Tuesday, 11 October 2016

Seoul Day 1, South Korea

We arrived in Seoul at just after 7am with a long looking day ahead of us that we needed to power through in an attempt to jump straight onto South Korean time. We took one of the airport limousine buses from the airport to our hotel which turned out to be a really efficient way to get into the city, the bus virtually dropped us at our hotel door and was almost as luxurious as the business class seats on the plane! Although sadly there was no complimentary glass of bubbles....

We arrived at the TMark Hotel in Myeongdong both hoping that we'd be able to check straight into our room, but unsurprisingly, that wasn't possible at 9am so we left our bags and after a quick freshen up headed out for the day.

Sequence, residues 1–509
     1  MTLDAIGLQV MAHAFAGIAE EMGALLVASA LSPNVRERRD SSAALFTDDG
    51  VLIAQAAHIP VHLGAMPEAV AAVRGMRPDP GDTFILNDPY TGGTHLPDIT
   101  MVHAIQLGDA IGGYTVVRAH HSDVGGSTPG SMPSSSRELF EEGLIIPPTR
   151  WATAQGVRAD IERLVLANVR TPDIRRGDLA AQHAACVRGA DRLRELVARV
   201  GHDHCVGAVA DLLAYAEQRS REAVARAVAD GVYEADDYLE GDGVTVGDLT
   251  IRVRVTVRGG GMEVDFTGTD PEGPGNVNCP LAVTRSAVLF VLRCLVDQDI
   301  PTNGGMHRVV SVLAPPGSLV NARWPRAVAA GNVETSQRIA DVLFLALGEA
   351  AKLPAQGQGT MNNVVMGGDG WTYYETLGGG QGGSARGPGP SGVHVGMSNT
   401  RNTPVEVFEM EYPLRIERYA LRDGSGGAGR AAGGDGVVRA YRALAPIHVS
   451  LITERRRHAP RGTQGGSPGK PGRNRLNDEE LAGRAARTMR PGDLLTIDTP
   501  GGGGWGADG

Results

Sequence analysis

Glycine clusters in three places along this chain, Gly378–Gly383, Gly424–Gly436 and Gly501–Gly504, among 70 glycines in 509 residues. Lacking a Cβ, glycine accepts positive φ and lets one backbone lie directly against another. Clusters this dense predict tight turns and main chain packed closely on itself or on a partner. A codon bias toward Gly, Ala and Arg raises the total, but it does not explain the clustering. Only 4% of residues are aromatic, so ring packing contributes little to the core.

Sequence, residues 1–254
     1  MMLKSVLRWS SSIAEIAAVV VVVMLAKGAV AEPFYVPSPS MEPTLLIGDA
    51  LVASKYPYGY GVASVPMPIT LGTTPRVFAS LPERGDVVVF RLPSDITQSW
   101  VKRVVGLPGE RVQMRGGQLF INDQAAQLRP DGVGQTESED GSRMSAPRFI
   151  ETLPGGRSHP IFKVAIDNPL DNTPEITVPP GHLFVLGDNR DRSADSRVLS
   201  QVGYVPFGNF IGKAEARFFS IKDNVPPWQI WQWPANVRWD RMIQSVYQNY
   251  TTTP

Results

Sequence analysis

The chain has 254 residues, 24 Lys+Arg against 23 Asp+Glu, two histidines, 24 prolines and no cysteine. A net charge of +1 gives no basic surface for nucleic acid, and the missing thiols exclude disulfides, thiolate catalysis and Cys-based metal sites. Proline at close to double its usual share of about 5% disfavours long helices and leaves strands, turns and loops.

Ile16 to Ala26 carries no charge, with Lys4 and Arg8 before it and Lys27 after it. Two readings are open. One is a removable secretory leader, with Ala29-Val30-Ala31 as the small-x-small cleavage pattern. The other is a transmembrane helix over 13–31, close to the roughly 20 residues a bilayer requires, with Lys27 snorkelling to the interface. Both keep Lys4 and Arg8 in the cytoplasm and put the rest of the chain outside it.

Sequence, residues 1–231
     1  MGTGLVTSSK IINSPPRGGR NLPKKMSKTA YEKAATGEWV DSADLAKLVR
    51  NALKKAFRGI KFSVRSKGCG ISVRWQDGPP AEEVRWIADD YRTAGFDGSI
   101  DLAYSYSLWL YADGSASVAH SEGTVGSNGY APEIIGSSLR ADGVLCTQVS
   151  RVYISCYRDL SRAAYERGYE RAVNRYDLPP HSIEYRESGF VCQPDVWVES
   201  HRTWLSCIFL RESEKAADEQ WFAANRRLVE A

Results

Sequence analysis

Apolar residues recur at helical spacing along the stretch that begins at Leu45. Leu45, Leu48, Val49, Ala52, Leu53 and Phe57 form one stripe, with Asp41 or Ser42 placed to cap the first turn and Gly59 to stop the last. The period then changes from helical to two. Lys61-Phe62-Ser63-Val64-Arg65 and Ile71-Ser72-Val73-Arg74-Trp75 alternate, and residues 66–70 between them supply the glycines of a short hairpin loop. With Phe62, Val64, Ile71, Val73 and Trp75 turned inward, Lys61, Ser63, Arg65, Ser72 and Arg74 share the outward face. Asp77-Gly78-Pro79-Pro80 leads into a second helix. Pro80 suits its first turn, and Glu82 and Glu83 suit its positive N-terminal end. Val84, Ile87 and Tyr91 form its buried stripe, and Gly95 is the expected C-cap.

We set out in the direction of the main train station, walking through the fashionable Myeongdong district, which seems to be the shopping hub of the city with lots of modern and funky buildings. The area had a very international vibe, but the vast majority of brands were Korean.

Leaving Myeongdong behind we made our way over to Seoul station to pick up our tickets for the train journey down to Busan we'd be making in a couple of days time. We'd made two attempts to book tickets from the UK and weren't sure if either of them had worked, but there was one set of tickets ready for us to collect. Hopefully we only get charged once to!